Instead, as we shall find time and again, the true aim of iconic seeing is to guide its beholder toward heightened self-recognition, which begins with a humbling reminder concerning the utter fragility and vulnerability of the good and the true in us. While such spiritual self-awareness may have often eluded Dostoevsky’s late nineteenth-century readers, it was arguably the foundation for Holbein’s early fifteenth-century contemporaries. As Bätschmann and Griener note in their study of Holbein, the grim naturalism of the Dead Christ in no way prevented viewers at the cusp of the Reformation from understanding the image as “a work of piety.” Like Grünewald’s Isenheim Altarpiece, Holbein’s painting “sought to instill deep feelings of guilt and empathy. . . . ‘Martyrizing’ the feelings of the beholder through such graphic and repugnant details” as the clotted blood in his chest wound and the postmortem discoloration of bodily extremities was part of a profoundly Christ-centered theological aesthetic of suffering. It had risen to prominence along with new forms of lay piety known as the devotio moderna, which had swept across the Low Countries during the fifteenth century. In this context, the materiality of painting functions as a metonym for Christ’s physical suffering, which in turn is visualized as an analogue for a self-humbling and profoundly empathetic conception of piety.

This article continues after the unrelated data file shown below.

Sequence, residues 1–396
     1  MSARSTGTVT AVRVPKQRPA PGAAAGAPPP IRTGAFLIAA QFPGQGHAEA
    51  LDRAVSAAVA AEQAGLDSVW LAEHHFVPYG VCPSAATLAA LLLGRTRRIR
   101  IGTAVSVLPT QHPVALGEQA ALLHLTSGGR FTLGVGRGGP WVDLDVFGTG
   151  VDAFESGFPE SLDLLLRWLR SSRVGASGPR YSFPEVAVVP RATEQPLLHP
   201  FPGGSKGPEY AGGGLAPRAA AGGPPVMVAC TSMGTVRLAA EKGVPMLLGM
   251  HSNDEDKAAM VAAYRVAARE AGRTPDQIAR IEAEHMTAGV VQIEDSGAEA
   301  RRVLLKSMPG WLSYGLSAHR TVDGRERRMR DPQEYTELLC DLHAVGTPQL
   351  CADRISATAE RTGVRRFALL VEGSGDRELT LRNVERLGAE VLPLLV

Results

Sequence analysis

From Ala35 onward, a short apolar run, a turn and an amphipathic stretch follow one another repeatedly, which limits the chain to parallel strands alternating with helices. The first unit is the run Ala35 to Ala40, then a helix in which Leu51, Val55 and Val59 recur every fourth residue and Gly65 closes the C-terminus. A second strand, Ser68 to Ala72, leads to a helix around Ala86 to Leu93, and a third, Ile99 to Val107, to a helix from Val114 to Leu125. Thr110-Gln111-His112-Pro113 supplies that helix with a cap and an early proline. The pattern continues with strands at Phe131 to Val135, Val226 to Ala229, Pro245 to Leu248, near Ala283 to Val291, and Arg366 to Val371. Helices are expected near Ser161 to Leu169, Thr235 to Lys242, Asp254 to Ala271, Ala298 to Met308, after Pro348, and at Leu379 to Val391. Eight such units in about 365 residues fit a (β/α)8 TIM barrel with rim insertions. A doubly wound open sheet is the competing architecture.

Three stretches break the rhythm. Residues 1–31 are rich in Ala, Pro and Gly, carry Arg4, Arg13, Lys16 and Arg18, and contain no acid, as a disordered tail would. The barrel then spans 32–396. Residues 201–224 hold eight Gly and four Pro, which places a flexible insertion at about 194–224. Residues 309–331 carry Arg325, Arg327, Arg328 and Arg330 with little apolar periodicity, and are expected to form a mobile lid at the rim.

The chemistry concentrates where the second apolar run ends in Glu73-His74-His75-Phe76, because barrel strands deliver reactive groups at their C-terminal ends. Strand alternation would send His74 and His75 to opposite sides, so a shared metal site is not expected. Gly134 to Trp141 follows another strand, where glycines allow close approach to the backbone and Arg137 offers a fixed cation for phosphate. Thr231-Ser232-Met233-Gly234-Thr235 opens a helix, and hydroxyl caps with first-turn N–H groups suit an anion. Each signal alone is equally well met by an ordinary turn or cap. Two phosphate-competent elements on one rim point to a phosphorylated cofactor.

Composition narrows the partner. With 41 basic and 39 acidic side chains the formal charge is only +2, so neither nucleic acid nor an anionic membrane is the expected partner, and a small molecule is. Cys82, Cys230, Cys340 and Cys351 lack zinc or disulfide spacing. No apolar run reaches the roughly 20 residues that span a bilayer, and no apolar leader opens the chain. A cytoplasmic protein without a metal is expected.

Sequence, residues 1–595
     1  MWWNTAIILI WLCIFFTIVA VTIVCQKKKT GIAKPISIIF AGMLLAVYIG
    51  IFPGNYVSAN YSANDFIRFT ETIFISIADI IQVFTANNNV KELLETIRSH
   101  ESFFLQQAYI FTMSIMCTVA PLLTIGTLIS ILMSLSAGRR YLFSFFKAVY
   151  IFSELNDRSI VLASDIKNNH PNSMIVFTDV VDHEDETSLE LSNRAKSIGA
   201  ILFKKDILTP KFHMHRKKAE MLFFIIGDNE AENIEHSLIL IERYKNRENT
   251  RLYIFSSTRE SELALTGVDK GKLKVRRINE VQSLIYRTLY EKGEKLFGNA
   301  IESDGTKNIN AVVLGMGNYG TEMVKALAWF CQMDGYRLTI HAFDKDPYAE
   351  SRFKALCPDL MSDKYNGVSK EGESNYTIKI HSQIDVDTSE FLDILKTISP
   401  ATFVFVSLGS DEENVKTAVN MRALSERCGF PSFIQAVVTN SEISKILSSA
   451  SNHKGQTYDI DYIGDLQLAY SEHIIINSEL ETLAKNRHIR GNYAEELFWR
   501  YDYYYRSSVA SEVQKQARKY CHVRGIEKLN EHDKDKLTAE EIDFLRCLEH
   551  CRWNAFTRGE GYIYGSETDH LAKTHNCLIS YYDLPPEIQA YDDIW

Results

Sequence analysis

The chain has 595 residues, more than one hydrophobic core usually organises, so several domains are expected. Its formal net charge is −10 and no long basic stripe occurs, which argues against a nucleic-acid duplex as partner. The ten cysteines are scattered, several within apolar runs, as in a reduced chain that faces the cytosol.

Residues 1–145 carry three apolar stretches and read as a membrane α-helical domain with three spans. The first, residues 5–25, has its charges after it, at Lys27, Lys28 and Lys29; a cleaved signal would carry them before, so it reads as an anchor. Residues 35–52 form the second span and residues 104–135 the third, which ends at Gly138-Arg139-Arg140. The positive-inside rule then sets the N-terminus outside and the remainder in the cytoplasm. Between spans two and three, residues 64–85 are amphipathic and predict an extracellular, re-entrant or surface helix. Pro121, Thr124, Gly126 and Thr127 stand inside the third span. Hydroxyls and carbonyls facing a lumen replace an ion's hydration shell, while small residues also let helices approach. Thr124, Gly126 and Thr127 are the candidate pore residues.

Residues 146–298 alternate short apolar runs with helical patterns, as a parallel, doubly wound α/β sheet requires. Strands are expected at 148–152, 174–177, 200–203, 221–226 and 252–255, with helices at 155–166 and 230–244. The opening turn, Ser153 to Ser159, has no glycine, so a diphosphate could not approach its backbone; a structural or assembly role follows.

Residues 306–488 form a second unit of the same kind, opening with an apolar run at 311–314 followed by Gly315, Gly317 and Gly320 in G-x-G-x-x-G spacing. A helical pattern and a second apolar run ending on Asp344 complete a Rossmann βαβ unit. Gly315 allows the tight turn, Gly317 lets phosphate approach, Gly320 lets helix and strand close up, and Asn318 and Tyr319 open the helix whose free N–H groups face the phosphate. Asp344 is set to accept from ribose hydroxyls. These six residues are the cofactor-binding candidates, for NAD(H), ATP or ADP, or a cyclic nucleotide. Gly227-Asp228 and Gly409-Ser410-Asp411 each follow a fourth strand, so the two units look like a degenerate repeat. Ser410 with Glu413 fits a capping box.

Notably, it was Basel’s most famous citizen at the time, Erasmus, who had condemned the fast-spreading destruction of sacred images by that city’s increasingly rabid iconoclasts and, in his writings of the mid-1520s, sought to make a measured case for a “rational use of cult images.” Many of Erasmus’s arguments also surface in what may well be the period’s most eloquent and lucid defense of images, Thomas More’s Dialogue Concerning Tyndale (1528–29). Just as for More the image is truly itself only as a mental vision, for which words or pictures provide the necessary, albeit imperfect medium, so some 350 years later Dostoevsky’s art also posits “the inseparability of the ideal (beauty) from its incarnation (Christ).” To give due “reverence to an image,” More had written, does not mean “fixing [one’s] final intent in the image” but responding to it “as the figure of the thing framed with imagination, and so conceived in the mind.” Likewise, Dostoevsky’s theological poetics traverse a vast “moral-aesthetic spectrum . . . [that] begins with obraz—image, the form and embodiment of beauty—and ends with bezobrazie—literally that which is ‘without image.’” As is the case with More or mystics such as Julian of Norwich and Nicholas of Cusa, whose visual theology I consider later, Dostoevsky understands this condition of being “without image” as a state of disgrace and disfigurement, “a deformation, finally, of the divine image” itself. Notably, the Russian obraz can also mean “face,” which further underscores its proximity to the Orthodox icon. To be “without image” thus means being spiritually de-faced or inwardly disfigured, and it is this condition that Holbein’s painting of Christ’s mangled body exposes in Rogozhin. The latter’s vacillating response shows the visible image to relate to the beholder’s invisible (spiritual) condition in the same way that the theological concept of figura (Gk. typos) is fulfilled and consummated in an ultimately imageless meaning, one that no beholder could ever have anticipated or intended.